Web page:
— Luay لؤي الخطيب (@AL_Khatteeb) September 4, 2015
Ishaan Tharoor writes: To varying degrees, elements within Saudi Arabia, Qatar, the U.A.E. and Kuwait have invested in the Syrian conflict, playing a conspicuous role in funding and arming a constellation of rebel and Islamist factions fighting the regime of Syrian President Bashar al-Assad.
None of these countries are signatories of the United Nations’ 1951 Refugee Convention, which defines what a refugee is and lays out their rights, as well as the obligations of states to safeguard them. For a Syrian to enter these countries, they would have to apply for a visa, which, in the current circumstances, is rarely granted. According to the BBC, the only Arab countries where a Syrian can travel without a visa are Algeria, Mauritania, Sudan and Yemen — hardly choice or practical destinations.
Like European countries, Saudi Arabia and its neighbors also have fears over new arrivals taking jobs from citizens, and may also invoke concerns about security and terrorism. But the current gulf aid outlay for Syrian refugees, which amounts to collective donations under $1 billion (the United States has given four times that sum), seems short — and is made all the more galling when you consider the vast sums Saudi Arabia and the U.A.E. poured into this year’s war effort in Yemen, an intervention some consider a strategic blunder.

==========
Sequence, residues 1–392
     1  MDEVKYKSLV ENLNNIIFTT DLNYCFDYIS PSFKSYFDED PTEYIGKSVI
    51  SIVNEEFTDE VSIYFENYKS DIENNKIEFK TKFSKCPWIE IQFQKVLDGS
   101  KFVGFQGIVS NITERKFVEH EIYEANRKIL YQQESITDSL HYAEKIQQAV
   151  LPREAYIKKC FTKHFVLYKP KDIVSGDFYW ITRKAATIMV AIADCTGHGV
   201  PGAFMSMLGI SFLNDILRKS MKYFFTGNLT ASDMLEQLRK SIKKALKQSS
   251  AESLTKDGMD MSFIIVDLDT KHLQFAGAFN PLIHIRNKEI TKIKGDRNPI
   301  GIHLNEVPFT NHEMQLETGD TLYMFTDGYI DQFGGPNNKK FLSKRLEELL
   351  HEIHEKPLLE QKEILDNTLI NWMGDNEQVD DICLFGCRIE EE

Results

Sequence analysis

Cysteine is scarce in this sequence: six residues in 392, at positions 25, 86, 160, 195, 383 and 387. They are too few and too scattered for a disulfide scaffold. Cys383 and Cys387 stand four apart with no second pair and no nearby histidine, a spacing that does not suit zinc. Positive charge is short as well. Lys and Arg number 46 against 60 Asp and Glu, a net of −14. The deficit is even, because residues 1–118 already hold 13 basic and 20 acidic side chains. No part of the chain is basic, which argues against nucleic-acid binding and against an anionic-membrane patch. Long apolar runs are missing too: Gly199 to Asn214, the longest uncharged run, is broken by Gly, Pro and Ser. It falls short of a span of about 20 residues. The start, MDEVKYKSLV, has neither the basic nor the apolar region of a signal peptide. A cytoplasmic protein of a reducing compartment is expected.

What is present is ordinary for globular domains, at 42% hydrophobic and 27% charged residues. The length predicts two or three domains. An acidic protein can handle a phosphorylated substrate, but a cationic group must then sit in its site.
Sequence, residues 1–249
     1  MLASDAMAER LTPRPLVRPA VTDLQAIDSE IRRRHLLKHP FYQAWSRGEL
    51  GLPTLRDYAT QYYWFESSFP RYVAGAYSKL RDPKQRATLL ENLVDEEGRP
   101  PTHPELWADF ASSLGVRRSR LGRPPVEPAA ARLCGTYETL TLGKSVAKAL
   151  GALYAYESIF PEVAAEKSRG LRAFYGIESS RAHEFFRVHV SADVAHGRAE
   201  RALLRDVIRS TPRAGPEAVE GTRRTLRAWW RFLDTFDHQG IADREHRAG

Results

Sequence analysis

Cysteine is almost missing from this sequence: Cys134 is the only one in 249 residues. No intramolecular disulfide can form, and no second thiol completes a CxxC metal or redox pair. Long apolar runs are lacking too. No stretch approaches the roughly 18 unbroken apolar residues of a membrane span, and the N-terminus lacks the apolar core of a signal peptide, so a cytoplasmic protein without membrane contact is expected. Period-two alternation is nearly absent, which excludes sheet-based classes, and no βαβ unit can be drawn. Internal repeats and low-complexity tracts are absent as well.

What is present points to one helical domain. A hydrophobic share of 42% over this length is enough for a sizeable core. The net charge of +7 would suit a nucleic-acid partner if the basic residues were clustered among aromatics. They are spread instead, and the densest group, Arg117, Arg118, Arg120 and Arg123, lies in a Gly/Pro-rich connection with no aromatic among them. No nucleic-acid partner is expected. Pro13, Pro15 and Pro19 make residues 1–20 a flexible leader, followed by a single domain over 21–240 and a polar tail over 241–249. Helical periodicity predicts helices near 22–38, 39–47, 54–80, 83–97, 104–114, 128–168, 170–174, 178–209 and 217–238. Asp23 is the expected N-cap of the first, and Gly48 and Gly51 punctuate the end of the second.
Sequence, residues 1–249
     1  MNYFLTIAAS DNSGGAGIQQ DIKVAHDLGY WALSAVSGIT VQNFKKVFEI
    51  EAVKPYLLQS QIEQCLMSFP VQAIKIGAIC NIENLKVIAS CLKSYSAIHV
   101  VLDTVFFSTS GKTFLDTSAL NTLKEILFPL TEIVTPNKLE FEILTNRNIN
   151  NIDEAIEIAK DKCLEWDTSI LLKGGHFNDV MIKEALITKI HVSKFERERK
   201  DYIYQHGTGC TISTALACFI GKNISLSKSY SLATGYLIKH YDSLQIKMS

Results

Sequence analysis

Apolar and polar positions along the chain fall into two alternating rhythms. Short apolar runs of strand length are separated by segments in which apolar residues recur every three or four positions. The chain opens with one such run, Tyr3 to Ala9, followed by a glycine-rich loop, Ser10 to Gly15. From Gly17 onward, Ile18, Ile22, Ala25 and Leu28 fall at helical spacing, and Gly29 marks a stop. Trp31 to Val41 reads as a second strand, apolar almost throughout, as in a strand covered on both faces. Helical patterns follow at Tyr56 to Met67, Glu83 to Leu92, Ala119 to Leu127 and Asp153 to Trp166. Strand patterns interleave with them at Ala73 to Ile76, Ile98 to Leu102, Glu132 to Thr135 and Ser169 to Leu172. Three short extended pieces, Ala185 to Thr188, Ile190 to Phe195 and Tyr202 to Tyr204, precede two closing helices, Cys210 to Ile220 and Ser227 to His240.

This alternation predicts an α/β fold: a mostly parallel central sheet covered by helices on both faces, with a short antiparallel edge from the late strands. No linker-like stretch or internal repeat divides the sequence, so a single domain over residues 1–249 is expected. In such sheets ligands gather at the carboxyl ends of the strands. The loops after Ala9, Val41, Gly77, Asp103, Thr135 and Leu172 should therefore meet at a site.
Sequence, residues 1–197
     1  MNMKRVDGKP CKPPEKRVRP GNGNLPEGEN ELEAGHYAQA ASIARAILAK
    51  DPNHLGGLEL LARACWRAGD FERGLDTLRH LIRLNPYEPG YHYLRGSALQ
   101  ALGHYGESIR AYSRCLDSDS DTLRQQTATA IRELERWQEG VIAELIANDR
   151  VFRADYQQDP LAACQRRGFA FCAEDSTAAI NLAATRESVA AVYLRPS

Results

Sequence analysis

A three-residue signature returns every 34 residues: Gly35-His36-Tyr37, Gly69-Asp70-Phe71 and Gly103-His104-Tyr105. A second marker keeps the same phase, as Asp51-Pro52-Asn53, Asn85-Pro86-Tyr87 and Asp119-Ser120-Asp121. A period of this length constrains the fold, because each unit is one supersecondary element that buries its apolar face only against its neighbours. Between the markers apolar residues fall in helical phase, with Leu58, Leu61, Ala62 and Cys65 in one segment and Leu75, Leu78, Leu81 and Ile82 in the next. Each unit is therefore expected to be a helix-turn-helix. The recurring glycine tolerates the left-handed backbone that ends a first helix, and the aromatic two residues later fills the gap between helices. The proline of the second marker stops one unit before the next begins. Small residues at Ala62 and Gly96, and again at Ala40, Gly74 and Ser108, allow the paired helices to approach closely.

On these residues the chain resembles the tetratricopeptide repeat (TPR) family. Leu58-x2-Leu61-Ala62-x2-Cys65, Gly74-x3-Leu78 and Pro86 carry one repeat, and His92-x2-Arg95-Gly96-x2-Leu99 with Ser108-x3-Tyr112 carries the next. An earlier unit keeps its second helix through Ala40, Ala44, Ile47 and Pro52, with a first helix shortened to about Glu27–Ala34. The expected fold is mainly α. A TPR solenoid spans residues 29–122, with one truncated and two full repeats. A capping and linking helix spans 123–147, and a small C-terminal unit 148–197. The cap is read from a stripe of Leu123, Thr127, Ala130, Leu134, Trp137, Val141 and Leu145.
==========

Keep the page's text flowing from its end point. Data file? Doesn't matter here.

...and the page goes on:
As Bobby Ghosh, managing editor of the news site Quartz, points out, the gulf states in theory have a far greater ability to deal with large numbers of arrivals than Syria’s more immediate and poorer neighbors, Lebanon and Jordan:
The region has the capacity to quickly build housing for the refugees. The giant construction companies that have built the gleaming towers of Dubai, Abu Dhabi, and Riyadh should be contracted to create shelters for the influx. Saudi Arabia has plenty of expertise at managing large numbers of arrivals: It receives an annual surge of millions of Hajj pilgrims to Mecca. There’s no reason all this knowhow can’t be put to humanitarian use.
No reason other than either indifference or a total lack of political will. [Continue reading…]